Jolly Fish Press, June 2013
Disclosure: This review is based on an advance copy provided by the publisher.
Willa and Simon, both undiscovered witches, have always felt isolated by their magical abilities, until the day they meet, when that same magic knits them instantly together. But magical love comes with magical risks. Willa’s clairvoyance leads them to other witches like themselves, who are under attack by a group of Dark witches and in desperate need of their help.
The destined-to-be quality of Willa and Simon’s relationship, and their relationship with the other witches, for that matter, is well handled, but by its nature, it doesn’t allow for too much character drama. After the initial upheaval from ordinary life, the conflict is mostly limited to the tidy good vs. evil struggle, without grey areas or internal complications.
It’s a pretty awesome pure good vs. evil struggle, bloody, action-packed, and set in a vivid, colorful, memorable universe. Harman draws more on real Wicca than existing fictionalizations of witchcraft for details, creating a brand new breed of fantastical being. The narrative moves quickly between the living witches’ battles and the flashbacks to the town’s rich history of warring magical families, which begs to be explored further in subsequent books. Our good guys are all good and all friends, but they’re not pushovers. They’ll put up just as brutal and imaginative a fight to protect the world as the bad guys will to dominate it, and they don’t need to fade to black to do it.
Picture the tree branches from The Evil Dead doing pretty much what they do, but on the side of good, and without leaving survivors.
Yeah, that happens.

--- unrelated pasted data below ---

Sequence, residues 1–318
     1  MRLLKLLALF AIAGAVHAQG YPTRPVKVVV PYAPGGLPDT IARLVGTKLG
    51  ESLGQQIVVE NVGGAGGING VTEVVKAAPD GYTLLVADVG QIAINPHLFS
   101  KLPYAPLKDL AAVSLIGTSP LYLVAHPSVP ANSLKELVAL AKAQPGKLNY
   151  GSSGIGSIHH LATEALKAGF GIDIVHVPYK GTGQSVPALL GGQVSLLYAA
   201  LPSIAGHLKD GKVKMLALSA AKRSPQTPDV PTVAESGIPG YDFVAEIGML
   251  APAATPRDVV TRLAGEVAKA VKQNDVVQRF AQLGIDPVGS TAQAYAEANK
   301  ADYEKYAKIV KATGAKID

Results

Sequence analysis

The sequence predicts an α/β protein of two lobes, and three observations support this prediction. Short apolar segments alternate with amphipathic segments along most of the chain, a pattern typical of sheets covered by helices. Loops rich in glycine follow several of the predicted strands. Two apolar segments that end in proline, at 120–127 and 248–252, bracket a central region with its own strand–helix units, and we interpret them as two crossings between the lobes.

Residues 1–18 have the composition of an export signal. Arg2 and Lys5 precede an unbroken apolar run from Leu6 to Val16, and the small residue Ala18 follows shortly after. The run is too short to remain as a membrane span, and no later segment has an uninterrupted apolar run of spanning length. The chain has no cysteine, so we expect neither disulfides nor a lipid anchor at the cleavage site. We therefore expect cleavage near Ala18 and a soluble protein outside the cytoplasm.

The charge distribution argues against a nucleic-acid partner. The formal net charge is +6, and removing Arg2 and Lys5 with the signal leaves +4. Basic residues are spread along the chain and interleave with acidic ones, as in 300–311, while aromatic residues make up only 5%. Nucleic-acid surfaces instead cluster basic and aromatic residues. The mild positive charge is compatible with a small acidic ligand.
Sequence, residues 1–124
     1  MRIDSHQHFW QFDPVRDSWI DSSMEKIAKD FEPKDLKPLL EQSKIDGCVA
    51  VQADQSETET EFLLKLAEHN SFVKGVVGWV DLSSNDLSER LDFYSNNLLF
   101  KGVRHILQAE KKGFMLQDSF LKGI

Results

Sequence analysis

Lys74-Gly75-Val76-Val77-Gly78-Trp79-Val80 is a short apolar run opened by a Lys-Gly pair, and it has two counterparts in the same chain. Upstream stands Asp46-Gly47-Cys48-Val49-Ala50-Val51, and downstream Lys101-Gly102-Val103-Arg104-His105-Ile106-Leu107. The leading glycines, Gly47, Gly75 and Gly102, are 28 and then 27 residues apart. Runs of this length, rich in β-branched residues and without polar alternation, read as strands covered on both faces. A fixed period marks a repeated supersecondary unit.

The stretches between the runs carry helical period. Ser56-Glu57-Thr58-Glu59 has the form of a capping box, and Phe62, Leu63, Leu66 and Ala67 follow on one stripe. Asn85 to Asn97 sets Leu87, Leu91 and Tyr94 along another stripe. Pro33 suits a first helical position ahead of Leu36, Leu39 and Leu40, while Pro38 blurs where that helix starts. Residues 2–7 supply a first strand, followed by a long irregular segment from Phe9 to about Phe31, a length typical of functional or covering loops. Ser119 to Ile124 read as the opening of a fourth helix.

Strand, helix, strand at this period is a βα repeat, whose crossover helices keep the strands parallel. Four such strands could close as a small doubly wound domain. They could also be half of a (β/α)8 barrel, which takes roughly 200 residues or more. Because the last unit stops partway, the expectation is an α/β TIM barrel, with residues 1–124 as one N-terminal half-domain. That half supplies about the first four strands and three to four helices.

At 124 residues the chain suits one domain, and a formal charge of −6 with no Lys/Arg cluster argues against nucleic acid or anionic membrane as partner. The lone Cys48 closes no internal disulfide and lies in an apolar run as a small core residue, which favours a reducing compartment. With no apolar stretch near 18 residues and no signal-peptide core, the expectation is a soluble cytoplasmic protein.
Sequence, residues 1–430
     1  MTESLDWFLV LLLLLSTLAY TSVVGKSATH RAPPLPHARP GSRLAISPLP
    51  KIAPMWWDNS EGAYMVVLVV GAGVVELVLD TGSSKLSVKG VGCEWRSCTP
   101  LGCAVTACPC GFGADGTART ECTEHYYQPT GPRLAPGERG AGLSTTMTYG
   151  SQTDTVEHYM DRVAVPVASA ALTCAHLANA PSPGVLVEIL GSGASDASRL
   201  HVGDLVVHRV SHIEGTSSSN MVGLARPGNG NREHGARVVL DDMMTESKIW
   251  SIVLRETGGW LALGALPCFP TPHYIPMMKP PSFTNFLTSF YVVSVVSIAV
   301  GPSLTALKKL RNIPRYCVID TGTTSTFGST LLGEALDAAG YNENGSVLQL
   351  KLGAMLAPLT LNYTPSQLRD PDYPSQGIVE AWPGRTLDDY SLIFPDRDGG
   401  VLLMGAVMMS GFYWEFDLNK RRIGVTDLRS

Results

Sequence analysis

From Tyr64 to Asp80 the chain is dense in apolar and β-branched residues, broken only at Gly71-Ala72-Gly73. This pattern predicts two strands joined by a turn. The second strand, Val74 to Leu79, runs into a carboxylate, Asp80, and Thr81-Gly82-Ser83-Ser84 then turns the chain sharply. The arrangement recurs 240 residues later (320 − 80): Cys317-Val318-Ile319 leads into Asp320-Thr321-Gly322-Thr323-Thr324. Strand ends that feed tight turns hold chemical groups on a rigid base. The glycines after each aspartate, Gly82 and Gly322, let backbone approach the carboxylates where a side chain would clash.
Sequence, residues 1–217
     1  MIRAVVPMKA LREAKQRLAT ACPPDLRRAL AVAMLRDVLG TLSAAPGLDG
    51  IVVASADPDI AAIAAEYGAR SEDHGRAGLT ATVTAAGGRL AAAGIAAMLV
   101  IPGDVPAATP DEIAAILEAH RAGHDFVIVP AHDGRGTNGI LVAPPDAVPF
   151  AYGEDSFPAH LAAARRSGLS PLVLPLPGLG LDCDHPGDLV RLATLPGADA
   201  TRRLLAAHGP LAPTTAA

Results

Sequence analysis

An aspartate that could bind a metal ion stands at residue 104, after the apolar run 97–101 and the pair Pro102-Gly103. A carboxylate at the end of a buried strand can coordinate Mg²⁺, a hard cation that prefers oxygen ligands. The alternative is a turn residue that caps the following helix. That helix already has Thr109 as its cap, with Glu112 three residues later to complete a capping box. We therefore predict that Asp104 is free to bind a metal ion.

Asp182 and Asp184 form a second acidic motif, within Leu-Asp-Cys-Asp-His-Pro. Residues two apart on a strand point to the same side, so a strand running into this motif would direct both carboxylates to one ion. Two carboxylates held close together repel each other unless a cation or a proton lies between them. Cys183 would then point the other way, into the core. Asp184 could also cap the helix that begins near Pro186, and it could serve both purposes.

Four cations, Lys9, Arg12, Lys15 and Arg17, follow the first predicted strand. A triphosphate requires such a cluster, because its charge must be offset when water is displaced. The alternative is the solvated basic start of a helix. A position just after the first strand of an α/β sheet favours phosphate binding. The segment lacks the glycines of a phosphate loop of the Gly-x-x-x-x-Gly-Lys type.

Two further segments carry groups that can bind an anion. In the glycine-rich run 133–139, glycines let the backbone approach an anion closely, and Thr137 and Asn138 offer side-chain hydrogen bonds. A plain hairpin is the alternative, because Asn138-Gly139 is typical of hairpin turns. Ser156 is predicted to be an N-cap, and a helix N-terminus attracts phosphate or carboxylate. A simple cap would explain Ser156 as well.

As low tension as the heroes’ relationships are, when there’s more than enough trouble to go around on the outside, there’s also something refreshing about Willa and Simon’s absolute, unquestioning faith in each other. They don’t waste time bickering, angsting, and nobly but impractically protecting each other. They work together, the way fictional couples always make us wish they would but so very rarely do.
And of course, how could a book that can make pure, cooperating good guys compelling fail to make the pure bad guys even better? Archard, Luminary of the Dark witches, is bad through and through, but the descriptions of the way his magic feeds and amplifies his natural rage allow him to feel still frighteningly real.
Even with the clear potential its universe has for expansion and exploration, Blood Moon makes for a very satisfying self-contained read… at least until the epilogue. Without offering specific spoilers, I can say that, like the best kind of after-credits movie teaser, Blood Moon’s final punch made me check for a sequel release date (summer 2014).
Yes, I’m aware that this is an advance review, and Blood Moon itself won’t even be released until June 22nd, 2013. Mark your calendars, people.